Policy & Enforcement Briefing: Calif. Car Standards, Dam Removal, Gulf Lease Sale, Biorefinery Help
The California Air Resources Board has unanimously approved new emissions standards for cars and light trucks, for model years 2017 to 2025. The standard cuts greenhouse gas emissions to 166 grams per mile, which ARB says is 34 percent below predicted 2016 levels, and cuts smog-forming pollution by an extra 75 percent from 2014 levels.
An Interior Department decision on whether to remove four hydroelectric dams owned by PacifiCorp on the Klamath River, per the Klamath Hydroelectric Settlement Agreement (KHSA) of 2010, is expected this spring, and the DOI has published a draft report summarizing two years of scientific and technical studies on the impact of dam removal. The public comment period on the Klamath Overview Report is open through February 5, 2012.
The Department of the Interior’s Bureau of Ocean Energy Management (BOEM) has scheduled the consolidated Central Gulf of Mexico lease sale 216/222 in New Orleans for June 20, 2012. The proposed lease sale includes approximately 38 million acres located from three to about 230 miles offshore, in water depths ranging from three to 3,400 meters. The terms of sale include conditions to protect the environment, and the minimum bid for deepwater has increased to $100 per acre, up from $37.50. The region could produce 1 billion barrels of oil and 4 trillion cubic feet of natural gas, the DOI said.
The House Natural Resources Committee will meet Wednesday to review three oil-and-gas development bills: one to open the Arctic National Wildlife Refuge (ANWR) to drilling; a second to require oil-and-gas leasing off the Atlantic and Pacific coasts and remove restrictions in the eastern Gulf of Mexico; and a third to require commercial leasing for oil shale projects in Western states, The Hill reports.
Chevron Corp, Transocean Ltd, and local managers including the chief executive of Chevron’s Brazil unit, are expected to face criminal charges in the coming weeks in addition to the $11 billion civil lawsuit following the November offshore oil spill. Brazilian prosecutors are said to bring aggressive charges against alleged polluters to encourage offenders to settle cases, Reuters reports.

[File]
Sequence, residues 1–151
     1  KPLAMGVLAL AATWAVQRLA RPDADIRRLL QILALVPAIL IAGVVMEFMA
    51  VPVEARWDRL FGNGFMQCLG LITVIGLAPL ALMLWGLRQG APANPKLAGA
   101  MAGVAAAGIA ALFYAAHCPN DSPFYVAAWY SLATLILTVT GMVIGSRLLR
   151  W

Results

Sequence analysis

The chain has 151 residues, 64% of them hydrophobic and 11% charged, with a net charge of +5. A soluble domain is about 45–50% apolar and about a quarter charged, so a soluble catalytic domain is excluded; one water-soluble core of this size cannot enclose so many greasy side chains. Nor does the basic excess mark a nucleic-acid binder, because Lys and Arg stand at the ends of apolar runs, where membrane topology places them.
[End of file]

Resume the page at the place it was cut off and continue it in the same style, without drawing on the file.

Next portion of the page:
Delegates from 65 countries attending the United Nations Global Conference on Land-Ocean Connections (GLOC) in the Philippines have agreed to step up efforts to protect the world’s oceans from land-based activities. The Manila Declaration contains 16 provisions for actions over the period 2012 to 2016 at international, regional and local levels to develop policies to reduce and control wastewater, marine litter and pollution from fertilizers.
An EU-commissioned study has determined that the current EU law regulating shale gas exploration provides adequate protection of the environment, but may need changes once Europe enters the production phase. Member states control their own energy mix decision; for example, Bulgaria and France have banned shale gas activity for environmental concerns. But the EU can tighten existing laws or introduce new ones, Reuters said.
A report on Britain’s plan to tax carbon dioxide from power stations on top of EU emissions costs may harm industry and raise energy costs without helping the environment, according to the panel of lawmakers. The tax, effective for 2014, will raise about $1.1 billion in the first year, but it may also increase power imports from France and the Netherlands if U.K. energy prices are higher than the rest of Europe, Bloomberg said.
The USDA Biorefinery Assistance Program has approved a conditional commitment for a 60-percent loan guarantee of $232.5 million to ZeaChem Boardman Biorefinery. ZBB will operate a 25-million gallon per year biorefinery along the Columbia River expected to be operational by late 2014. About half of the output will be advanced biofuel, and the remainder will be biobased chemicals, such as acetic acid and ethyl acetate, the USDA said.
The Oregon Potato Company will pay a a $66,000 penalty to the EPA related to a 2009 release of about 300 pounds of anhydrous ammonia at their facility in Warden, Washington. The unintended chemical release was not immediately reported – violations of the federal Comprehensive Environmental Response, Compensation and Liability Act (CERCLA) and the Emergency Planning and Community Right-to-Know Act (EPCRA), the EPA said.
CTS Corporation will conduct a remedial investigation and feasibility study (RI/FS) to evaluate soil and water contamination and associated health and environmental risks at the CTS of Asheville site in Asheville, NC. CTS Corporation manufactured electronic components and used chemical compound trichloroethene (TCE) at the facility until 1985, and in 1987 the 57-acre property was developed a 48-acre residential neighborhood, the EPA said.
Energy Manager News
- 30 Environmental Advocacy Groups Call on NARUC for Holistic Rate-Setting Guidelines
- New York State’s Summer of Energy
- Chicago Church Strives for Energy Efficiency
- Small, Medium Size Commercial Building Efficiency Market to Grow
- ERC: Price Benchmark Trends Week Ending June 24, 2016
- FERC Rules Against Tri-State Fee on Local Renewable Power
- Marin Clean Energy to Reduce Rates and Expand Service Area in September
- Drama Aside, Tesla’s Acquisition of SolarCity Makes Sense